Since it occurs in many different situations and can be accompanied by a wide variety of other behaviours, scientists who study canine behaviour believe there are a multitude of reasons why dogs mount each other outside of a sexual context. The behaviour cannot be attributed to any one single trigger factor. Sometimes dominance, one dog asserting his or her status over another, is the cause. However, as animal behaviourist Anne Trisko has noted in her studies of canine behaviour, mounting is more often associated with play than status-reinforcement. For example a dog may mount another dog as a way of getting its attention and trying to provoke the other dog to play with it. Related to this is Trisko’s idea that mounting can also be a “bond-testing” behaviour between dogs who play together a lot. One dog will “test” the other dog’s loyalty by mounting, as though saying, “How much will you take?” Other researchers believe that in many cases, mounting is related to overstimulation, an overload of emotion such as happiness and excitement or anxiety. This is quite evident at the dog park, where doggie emotions and doggie humping abounds.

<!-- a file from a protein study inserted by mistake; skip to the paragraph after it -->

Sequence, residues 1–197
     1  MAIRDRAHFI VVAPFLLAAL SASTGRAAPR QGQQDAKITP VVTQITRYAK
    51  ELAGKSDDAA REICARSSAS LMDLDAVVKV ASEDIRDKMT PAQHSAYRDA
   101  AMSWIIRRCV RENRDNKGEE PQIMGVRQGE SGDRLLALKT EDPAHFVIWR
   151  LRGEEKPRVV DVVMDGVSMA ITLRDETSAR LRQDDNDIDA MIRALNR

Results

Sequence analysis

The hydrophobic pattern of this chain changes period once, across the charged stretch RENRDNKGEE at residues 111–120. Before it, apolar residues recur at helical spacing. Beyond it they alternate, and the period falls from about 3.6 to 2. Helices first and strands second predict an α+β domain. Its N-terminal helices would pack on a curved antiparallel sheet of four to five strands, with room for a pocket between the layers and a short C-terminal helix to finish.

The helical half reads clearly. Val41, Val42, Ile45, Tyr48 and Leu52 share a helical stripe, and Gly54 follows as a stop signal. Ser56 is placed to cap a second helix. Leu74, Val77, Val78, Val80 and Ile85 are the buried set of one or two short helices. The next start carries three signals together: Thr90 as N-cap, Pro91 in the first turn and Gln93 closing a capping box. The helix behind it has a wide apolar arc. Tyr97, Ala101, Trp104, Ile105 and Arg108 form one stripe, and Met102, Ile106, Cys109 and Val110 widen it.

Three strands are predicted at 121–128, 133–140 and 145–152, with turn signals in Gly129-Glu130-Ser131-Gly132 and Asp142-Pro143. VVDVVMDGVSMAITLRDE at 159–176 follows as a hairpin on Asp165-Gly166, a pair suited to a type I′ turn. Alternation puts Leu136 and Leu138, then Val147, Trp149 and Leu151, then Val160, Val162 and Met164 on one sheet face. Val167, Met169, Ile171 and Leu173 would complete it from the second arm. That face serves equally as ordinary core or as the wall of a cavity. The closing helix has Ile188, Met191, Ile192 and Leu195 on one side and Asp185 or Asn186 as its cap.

No matter the reason, humping is, according to experts like Carolyn Walsh, a scientist with the Canine Research Unit at Memorial University in Newfoundland, “perfectly normal dog behaviour” and dog owners should not get embarrassed about it. However, just as jumping up or grabbing food from a child’s hand is normal dog behaviour, humping can be troublesome and obnoxious. Many dog owners do not appreciate other dogs humping their own dog, sometimes for very good reason, such as when their dog is elderly or has a painful hip or back leg condition. With this in mind, it is important for dog owners to be able to prevent their dogs from humping others. The best way to do this is to train your dog to have excellent recall in order to call him away from mounting another dog and redirect him to a more acceptable behaviour.